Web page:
The U.S. Department of Transportation’s Federal Highway Administration (FHWA) on Dec. 5 announced an $8 million grant to the California Department of Transportation to make roadway improvements that aim to reduce collisions between vehicles and wildlife. California is one of 17 states selected to receive funding in the first round of $110 million grants for 19 wildlife crossing projects, including four Indian Tribes.
The funding is made possible by a new program in the Biden Administration’s Bipartisan Infrastructure Law (BIL) that supports projects to construct wildlife crossings over and below busy roads, add fencing, acquire tracking and mapping tools, and more. Overall, BIL makes a total of $350 million available over five years under the Wildlife Crossings Pilot Program.
Each year, it is estimated that there are more than one million wildlife vehicle collisions in the U.S. Wildlife-vehicle collisions involving large animals result in injuries to drivers and their passengers, representing approximately 200 human fatalities and 26,000 injuries to drivers and their passengers each year. These collisions also cost the public more than $10 billion annually. This includes economic costs caused by wildlife crashes, such as loss of income, medical costs, property damage, and more.
“Every year, too many Americans are injured or killed in crashes involving cars and wildlife, especially in rural areas – but President Biden is tackling this challenge through these first-ever roadway safety grants,” said U.S. Transportation Secretary Pete Buttigieg. “The projects we’re funding today in 17 states will reduce collisions between drivers and wildlife and save American lives.”
“We are pleased to announce the first round of grants under the Wildlife Crossings Pilot Program to projects that will significantly reduce the number of collisions between motorists and wildlife,” said Federal Highway Administrator Shailen Bhatt. “These roadway safety investments will ensure that motorists and wildlife in California get to their destinations safely and are a win-win for safety and the environment.”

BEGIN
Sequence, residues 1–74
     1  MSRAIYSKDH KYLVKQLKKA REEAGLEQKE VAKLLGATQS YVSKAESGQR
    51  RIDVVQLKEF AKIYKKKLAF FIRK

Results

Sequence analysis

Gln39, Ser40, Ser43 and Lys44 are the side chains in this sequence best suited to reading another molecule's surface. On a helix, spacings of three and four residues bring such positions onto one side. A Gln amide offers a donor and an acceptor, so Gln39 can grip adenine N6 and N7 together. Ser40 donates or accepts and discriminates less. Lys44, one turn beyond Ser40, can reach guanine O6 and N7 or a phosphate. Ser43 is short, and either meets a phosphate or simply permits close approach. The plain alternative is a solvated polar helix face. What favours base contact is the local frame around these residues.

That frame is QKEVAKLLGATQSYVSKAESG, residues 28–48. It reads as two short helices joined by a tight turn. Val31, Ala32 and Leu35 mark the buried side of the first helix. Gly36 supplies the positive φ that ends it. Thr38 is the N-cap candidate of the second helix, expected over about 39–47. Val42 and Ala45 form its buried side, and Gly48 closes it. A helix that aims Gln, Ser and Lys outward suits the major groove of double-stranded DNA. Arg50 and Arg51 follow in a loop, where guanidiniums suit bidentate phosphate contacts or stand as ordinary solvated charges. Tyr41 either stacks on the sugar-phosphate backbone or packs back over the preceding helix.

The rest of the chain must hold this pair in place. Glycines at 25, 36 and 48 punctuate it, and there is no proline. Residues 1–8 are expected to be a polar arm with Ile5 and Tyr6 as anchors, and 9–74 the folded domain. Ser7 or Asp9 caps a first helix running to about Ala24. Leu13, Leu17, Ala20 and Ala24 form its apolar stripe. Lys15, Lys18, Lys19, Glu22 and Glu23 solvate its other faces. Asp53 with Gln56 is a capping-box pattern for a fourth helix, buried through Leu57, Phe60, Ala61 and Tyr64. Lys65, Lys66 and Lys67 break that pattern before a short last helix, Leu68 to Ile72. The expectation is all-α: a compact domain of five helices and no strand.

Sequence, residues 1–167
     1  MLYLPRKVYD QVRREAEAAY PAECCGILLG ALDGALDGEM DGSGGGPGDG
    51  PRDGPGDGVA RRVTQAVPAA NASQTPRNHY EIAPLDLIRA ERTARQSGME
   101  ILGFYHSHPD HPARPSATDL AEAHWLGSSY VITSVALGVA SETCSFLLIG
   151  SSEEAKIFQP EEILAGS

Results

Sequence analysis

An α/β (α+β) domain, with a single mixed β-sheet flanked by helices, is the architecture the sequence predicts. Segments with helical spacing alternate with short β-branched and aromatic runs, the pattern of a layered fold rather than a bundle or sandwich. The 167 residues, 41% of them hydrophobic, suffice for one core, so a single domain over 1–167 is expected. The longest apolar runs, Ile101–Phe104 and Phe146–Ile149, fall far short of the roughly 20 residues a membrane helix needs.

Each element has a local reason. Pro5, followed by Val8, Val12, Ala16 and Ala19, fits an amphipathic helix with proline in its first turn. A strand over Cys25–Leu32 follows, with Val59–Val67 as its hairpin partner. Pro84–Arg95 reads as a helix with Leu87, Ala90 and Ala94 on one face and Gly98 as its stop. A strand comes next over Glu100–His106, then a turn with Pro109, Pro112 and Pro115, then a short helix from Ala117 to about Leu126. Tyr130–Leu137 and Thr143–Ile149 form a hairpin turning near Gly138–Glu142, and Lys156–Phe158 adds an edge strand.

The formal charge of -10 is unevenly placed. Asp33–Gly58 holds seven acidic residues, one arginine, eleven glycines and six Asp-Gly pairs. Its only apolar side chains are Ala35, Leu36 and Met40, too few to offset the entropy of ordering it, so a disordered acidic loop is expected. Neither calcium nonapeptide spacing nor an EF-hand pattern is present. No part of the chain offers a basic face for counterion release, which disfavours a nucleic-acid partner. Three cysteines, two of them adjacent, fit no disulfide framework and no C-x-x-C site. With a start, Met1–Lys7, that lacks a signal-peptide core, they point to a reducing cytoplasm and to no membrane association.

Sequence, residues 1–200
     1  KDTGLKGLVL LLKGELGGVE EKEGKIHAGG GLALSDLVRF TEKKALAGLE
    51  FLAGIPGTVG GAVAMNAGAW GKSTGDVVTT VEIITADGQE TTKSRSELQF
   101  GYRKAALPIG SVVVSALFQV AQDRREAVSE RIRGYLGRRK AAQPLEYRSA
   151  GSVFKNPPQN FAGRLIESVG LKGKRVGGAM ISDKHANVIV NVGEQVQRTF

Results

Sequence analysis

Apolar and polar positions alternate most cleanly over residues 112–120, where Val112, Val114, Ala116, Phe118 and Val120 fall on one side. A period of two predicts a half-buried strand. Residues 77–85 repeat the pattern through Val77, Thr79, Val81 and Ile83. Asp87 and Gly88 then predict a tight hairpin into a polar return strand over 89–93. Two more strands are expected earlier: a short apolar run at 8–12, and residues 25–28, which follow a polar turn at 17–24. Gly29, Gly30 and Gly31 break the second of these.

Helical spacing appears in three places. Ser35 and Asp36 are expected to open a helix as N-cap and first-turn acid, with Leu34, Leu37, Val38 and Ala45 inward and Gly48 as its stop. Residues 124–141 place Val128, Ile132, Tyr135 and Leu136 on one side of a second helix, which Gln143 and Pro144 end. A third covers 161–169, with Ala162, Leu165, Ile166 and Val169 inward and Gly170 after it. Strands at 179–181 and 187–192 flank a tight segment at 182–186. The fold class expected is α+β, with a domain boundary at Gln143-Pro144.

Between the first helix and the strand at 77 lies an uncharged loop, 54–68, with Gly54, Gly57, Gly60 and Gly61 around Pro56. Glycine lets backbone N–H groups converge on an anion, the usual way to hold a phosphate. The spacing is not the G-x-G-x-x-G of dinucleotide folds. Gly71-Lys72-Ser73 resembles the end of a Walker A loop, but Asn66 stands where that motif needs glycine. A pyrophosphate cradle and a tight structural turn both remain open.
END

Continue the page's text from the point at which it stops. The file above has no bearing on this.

The $8 million grant, awarded to the California Department of Transportation, will be used to reduce wildlife vehicle collisions, and connect animal habitats between protected State Park lands on either side of US 101 in Goleta. Improvements include increasing the size of an existing culvert and installation of 2.5 miles of fencing at road crossings, allowing for safer roads for drivers.
The Wildlife Crossings Pilot Program supports the Department of Transportation’s National Roadway Safety Strategy (NRSS), which sets a goal of achieving zero roadway deaths and serious injuries through a Safe System Approach to prevent crashes from happening in the first place. Projects funded by this program reduce wildlife crashes which will reduce the economic impact caused by those crashes (such as loss of income, medical costs, property damage, and decline in productivity and quality of life) while simultaneously improving habitat connectivity to sustain the environment and improve the overall safety of the traveling public.
The full list of project selections can be found at Wildlife Crossings Program | FHWA (dot.gov).